The runners Tuesday said the experience of running the boilermaker is like nothing else. They said the feeling of accomplishment is the best part.
Before the boilermaker Eyewitness News showed you partially blind and blind runners preparing for the boilermaker. Up until this year one of the runners, Bob Porter, only participated from the sidelines.
"I sit there and I watch the people go by and I say, ‘that’s on my bucket list, so this is my year,’" said Bob.
Now, bob said he feels like he showed that visually impaired people can do anything.
“Wonderful that the community gets to know that people who have partial sight or even no sight are out there doing these things,” said Bob,” you know, we can do it too and it finally gave me a chance to do that bucket list item."
One of his blind running mates Rebecca Missig said the noise from the people on the side made things unexpectedly challenging.
“There’s some times some communication that was missed where I needed to do, because there was so much noise and cheering, but it was a lot of fun," said Rebecca.
Mayor Palmieri said that kind of fun is what shows what our community is made of.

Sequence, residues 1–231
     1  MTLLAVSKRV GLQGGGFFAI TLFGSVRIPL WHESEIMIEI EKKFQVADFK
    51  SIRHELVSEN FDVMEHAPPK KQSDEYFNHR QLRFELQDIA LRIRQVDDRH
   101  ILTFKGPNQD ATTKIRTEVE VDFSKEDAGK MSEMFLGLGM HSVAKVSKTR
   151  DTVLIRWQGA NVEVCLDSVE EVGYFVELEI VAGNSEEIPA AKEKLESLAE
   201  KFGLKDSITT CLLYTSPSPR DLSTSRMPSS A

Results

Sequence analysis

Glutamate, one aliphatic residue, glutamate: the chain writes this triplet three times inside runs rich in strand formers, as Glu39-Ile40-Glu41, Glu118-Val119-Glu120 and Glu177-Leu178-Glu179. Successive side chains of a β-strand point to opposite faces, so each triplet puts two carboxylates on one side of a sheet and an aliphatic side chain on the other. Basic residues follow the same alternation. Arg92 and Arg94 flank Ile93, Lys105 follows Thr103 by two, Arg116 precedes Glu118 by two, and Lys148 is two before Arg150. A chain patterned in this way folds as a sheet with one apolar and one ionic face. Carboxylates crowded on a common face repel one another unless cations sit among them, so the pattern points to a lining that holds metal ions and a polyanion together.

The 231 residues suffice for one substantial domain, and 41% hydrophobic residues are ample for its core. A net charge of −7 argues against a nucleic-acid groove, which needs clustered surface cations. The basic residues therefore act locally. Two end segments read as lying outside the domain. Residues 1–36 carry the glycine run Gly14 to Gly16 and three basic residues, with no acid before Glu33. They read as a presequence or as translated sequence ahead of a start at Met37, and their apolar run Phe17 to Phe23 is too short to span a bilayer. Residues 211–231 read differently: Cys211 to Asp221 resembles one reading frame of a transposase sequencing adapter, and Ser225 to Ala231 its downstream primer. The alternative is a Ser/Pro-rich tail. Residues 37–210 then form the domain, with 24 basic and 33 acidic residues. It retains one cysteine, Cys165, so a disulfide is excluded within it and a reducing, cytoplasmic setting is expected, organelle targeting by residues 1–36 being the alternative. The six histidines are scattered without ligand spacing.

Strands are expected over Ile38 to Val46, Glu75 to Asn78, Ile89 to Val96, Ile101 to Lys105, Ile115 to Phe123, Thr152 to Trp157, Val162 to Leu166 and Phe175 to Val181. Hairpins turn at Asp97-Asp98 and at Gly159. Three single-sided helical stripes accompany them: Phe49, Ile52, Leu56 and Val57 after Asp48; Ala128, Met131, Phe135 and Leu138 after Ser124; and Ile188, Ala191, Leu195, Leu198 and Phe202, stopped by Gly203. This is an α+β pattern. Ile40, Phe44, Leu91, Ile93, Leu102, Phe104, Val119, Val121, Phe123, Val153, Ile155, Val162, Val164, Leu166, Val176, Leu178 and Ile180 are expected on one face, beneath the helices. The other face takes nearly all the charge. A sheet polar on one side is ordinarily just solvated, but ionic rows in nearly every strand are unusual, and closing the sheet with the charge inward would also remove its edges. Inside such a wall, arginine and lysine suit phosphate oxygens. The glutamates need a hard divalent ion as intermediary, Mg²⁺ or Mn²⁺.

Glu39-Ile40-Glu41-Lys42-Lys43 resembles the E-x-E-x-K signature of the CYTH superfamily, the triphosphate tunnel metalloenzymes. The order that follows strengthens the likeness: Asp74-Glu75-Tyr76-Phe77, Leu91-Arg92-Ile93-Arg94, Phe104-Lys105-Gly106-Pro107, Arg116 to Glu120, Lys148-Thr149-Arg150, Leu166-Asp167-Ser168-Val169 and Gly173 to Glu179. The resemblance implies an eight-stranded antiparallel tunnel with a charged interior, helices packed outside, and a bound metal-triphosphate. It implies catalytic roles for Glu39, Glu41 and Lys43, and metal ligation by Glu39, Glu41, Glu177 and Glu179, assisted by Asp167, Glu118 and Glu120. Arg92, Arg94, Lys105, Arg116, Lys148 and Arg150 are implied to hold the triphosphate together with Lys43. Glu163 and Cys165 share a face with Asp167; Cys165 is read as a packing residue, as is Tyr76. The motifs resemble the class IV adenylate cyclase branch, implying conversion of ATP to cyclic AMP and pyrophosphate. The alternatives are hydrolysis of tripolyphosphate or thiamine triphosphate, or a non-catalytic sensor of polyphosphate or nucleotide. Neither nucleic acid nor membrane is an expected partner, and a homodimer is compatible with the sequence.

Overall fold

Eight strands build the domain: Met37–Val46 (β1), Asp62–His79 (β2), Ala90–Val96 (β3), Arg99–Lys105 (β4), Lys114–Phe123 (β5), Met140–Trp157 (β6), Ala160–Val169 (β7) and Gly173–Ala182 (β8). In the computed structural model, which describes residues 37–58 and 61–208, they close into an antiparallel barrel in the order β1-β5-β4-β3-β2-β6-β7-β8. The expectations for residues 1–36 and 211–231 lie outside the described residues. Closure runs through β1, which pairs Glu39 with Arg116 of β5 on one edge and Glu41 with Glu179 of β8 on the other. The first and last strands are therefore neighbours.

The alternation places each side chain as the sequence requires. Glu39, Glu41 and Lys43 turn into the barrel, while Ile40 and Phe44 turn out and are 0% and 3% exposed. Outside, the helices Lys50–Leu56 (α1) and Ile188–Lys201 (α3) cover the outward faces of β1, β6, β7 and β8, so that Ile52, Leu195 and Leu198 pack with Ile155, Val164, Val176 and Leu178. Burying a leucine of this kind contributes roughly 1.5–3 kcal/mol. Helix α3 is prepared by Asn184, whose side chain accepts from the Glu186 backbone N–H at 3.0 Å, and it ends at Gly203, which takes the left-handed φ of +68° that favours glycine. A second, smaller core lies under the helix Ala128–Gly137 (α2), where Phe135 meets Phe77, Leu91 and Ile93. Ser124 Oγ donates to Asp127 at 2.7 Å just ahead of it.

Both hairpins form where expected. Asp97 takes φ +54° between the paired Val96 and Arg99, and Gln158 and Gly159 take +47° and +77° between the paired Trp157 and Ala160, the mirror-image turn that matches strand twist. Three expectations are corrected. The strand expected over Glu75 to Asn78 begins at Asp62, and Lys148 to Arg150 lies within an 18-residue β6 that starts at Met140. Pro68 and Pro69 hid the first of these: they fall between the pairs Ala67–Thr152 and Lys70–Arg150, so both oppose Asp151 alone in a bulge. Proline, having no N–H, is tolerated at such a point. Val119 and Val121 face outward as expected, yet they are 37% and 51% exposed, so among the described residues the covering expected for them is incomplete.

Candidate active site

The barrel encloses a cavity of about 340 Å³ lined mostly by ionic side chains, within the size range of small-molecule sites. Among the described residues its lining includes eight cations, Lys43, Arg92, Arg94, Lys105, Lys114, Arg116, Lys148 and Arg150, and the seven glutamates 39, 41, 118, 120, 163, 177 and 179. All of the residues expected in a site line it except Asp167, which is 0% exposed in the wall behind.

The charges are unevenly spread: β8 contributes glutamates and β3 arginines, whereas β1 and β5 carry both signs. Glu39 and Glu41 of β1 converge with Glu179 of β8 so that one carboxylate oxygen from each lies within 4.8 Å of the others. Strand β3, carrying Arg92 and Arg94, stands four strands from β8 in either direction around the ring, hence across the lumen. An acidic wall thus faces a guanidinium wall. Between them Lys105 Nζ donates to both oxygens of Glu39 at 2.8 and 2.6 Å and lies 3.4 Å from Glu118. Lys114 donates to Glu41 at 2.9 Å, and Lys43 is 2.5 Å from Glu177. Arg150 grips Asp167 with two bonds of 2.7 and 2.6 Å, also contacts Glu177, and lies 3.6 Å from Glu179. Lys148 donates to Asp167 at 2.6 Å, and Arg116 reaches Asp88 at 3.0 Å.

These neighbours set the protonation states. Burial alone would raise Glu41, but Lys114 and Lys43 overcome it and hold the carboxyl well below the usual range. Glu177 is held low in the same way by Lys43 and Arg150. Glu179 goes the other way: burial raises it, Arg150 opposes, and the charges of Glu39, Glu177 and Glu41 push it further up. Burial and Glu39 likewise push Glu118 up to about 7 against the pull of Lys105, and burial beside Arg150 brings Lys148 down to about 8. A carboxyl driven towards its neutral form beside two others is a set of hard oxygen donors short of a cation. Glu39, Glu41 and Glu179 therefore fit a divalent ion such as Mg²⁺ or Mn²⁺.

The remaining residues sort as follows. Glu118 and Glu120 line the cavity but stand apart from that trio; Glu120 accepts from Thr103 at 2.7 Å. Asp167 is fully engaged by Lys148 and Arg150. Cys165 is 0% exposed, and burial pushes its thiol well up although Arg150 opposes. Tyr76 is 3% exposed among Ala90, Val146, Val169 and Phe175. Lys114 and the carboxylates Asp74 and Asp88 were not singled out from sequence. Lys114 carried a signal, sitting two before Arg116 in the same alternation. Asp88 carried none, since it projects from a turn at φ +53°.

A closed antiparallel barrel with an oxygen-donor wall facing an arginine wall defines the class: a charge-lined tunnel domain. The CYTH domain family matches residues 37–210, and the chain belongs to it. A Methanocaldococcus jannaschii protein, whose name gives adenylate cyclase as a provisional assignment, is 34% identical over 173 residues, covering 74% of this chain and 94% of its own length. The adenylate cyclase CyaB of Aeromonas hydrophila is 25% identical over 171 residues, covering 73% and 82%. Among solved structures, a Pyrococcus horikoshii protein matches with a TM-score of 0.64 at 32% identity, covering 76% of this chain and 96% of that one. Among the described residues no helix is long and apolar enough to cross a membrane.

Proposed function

“We may take for granted, but when you're talking with other people from other parts of the state and outside of the state saying what a great community you really have you feel proud," said Utica Mayor Robert Palmieri.
One of the visually impaired runners said it’s one of the best experiences of his life.
“If you never ran the boilermaker and you've thought about it I highly suggest it. It’s an experience that you'll never forget," said Amos Ackerman.
The blind runners are just three of the record almost twelve thousand runners to cross the finish line. They said all the fans cheering them on made all the difference.
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